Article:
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Photo courtesy of Winter Park Photography - The Winter Park City Commission is considering regulating drones after a boom in their popularity has led to privacy concerns.
Winter Park / Maitland Observer Friday, Mar. 10, 2017 10 months ago

Winter Park studies new drone regulations following privacy complaints

Winter Park ponders laws
by: Tim Freed Associate Editor

The unsettling, nagging feeling that you’re being watched.

That’s what Winter Park resident Sally Flynn said she experienced last month while swimming in her pool outside her home – the latest incident of a drone invading someone’s privacy in Winter Park. But a series of laws regulating the flying devices is slowly floating its way toward the Winter Park City Commission.

City Attorney Kurt Ardaman told City Commissioners during their Feb. 27 meeting that they can expect to see a draft of a drone ordinance before their next meeting on Monday.

Flynn had requested an update on the ordinance after her recent drone encounter.

“I swam in my cold pool this week and when I got out there was a drone up,” Flynn told the Commission. “It really does feel like an invasion of privacy. In fact, I was pretty startled by it to tell you the truth.”

Winter Park began considering a drone ordinance last May when City Commissioner Greg Seidel’s wife was harassed by a drone while paddle boarding on Lake Virginia.

She wrote to the City Commission that she was continuously approached by the drone, and that it wasn’t until she threw a handful of seaweed at the device that it left her alone.

“She almost got hit by a drone and it came back at her,” Commissioner Seidel said during the May 9 City Commission meeting.

But Winter Park isn’t the only city in Central Florida looking at regulating drones. Orlando passed its own ordinance in January. That ordinance declares it unlawful to operate a drone while under the influence of alcohol, pilot a drone within 500 feet of a venue or public event, or to operate a drone with the intent to harass or secretly observe someone, among many other restrictions.

Ardaman said the Winter Park ordinance will take a more “extensive” approach than the Orlando ordinance.

“We’re going to be as aggressive as a city can be,” Ardaman told Commissioners last month at the Feb. 27 meeting.

“People feel like they’re being spied on,” Winter Park City Manager Randy Knight said. “The ordinance will deal with that the best it can.”

The FAA currently requires all drones to be registered for safety and security reasons under federal law. Failing to register a drone could result in criminal penalties that include fines of up to $250,000 and/or imprisonment for up to three years, according to the FAA website.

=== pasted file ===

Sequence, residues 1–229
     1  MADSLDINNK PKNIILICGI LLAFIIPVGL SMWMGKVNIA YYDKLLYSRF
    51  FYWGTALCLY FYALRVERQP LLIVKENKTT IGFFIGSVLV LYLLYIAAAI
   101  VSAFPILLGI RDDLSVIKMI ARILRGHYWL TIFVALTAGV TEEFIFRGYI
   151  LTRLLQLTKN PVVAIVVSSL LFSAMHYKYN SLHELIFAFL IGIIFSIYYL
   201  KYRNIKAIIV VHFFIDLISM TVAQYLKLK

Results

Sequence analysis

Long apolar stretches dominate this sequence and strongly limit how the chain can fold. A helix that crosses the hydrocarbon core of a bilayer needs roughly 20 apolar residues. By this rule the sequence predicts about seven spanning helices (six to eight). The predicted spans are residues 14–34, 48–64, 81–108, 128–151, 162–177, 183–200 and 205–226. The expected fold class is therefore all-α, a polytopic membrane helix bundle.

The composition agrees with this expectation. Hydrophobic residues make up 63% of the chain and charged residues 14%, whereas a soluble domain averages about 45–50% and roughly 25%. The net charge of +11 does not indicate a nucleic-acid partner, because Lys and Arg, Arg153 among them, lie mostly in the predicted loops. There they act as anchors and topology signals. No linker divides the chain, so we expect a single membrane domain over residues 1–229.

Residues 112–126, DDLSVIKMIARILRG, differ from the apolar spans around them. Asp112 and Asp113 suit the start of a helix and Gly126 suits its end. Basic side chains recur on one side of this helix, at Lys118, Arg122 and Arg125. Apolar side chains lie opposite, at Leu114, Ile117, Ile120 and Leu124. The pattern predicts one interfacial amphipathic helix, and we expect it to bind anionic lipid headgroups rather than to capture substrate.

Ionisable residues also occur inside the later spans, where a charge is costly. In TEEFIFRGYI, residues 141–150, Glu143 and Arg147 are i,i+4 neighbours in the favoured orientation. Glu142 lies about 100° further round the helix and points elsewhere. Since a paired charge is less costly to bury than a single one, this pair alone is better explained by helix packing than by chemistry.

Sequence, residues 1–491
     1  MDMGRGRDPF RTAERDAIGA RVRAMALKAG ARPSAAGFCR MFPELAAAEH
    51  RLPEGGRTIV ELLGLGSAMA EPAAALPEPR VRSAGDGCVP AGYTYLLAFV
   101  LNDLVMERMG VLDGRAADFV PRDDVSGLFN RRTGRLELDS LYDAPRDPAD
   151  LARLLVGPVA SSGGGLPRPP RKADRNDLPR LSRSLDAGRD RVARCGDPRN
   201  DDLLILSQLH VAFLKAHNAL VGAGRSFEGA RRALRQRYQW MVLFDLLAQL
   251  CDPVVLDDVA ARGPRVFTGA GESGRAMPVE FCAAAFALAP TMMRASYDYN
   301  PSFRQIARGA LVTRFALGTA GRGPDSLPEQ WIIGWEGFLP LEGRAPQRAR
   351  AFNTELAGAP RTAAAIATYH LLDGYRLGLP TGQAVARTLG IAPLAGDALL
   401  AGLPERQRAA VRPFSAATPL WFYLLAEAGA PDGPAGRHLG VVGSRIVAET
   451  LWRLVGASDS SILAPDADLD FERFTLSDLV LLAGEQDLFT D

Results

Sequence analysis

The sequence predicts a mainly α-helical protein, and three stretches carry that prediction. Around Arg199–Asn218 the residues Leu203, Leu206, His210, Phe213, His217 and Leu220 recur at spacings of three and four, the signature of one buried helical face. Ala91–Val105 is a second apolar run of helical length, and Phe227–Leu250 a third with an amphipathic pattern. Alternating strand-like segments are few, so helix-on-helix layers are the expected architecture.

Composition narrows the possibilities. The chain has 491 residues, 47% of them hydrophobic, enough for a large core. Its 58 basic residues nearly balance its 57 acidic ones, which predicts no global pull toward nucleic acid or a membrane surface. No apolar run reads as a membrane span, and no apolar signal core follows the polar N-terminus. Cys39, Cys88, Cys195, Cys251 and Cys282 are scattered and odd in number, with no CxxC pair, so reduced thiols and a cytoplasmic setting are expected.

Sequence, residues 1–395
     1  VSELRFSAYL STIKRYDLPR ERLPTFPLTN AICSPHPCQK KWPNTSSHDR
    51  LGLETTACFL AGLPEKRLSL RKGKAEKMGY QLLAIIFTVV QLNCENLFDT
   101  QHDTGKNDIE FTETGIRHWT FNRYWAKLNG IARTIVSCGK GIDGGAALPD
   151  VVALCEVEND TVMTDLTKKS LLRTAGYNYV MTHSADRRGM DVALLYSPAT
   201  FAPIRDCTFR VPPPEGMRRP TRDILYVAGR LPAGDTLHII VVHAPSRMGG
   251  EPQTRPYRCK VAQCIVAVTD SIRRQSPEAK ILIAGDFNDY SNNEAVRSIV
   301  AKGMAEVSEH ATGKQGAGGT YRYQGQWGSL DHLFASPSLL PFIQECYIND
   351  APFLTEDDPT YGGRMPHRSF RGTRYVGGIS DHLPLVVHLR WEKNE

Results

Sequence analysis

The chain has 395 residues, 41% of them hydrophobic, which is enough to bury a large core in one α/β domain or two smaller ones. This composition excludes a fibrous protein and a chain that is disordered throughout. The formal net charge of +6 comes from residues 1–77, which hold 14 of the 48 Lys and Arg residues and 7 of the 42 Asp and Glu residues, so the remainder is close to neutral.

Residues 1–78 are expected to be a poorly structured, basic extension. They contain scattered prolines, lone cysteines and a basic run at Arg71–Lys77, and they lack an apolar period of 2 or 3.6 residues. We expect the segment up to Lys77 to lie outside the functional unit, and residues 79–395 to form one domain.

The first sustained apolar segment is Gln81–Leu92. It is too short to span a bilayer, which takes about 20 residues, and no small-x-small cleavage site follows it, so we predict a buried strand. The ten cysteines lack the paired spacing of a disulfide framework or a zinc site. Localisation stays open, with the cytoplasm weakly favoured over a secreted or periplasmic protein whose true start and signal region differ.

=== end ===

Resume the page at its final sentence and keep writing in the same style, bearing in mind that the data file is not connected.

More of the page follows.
Winter Park resident Steve Graffham, who uses a drone with his business, Winter Park Photography, said he understands why the city is looking to add extra regulations on top of the FAA rules.

“It’s not necessarily a bad thing,” Graffham said.

“I did see [a drone] recently up and over houses. I’m not particularly bothered myself because the resolution isn’t fantastic … but I understand there are privacy issues.”

The Winter Park resident uses drones to photograph hotels at vacation destinations around the world, as well as buildings and projects under construction. But that comes with its own unique set of challenges, like figuring out the rules and regulations for each city and area he visits to do a project. Graffham said he must constantly reference aviation maps online to make sure he’s not flying in a restricted area of the sky.

“It does get in the way,” Graffham said. “If you’re doing work in your local area, that’s all well and good, but it limits you from casting a wider net.”

“Very often people want the job done the next day or soon after, so it can be limiting in that sense.”

Four years ago when Graffham purchased his first drone, the devices were usually called “quadcopters,” he said. People were reluctant to even use the word “drone,” since that term was associated with the military versions that carry explosive payloads and other weaponry, Graffham said.

But people are more accepting of drones today than they were even a couple years ago, he said, adding that it’s up to cities, drone users and the public to work together and find the right compromises.

“It’s a brand-new industry; it’s still finding its feet,” Graffham said. “It will take time for things to settle down, because it’s all brand new for everybody.”

“When rules and regulations come out, there’s normally a good reason for it and people have looked into it. You have to trust the process. In the long run, if we can stop any accidents from happening now, things will be easier in the future.”

The City Commission will have a chance to review the draft ordinance before it’s sent off to the Federal Aviation Administration, who will make their own critiques and comments before it comes back to the City Commission for a formal vote of adoption.

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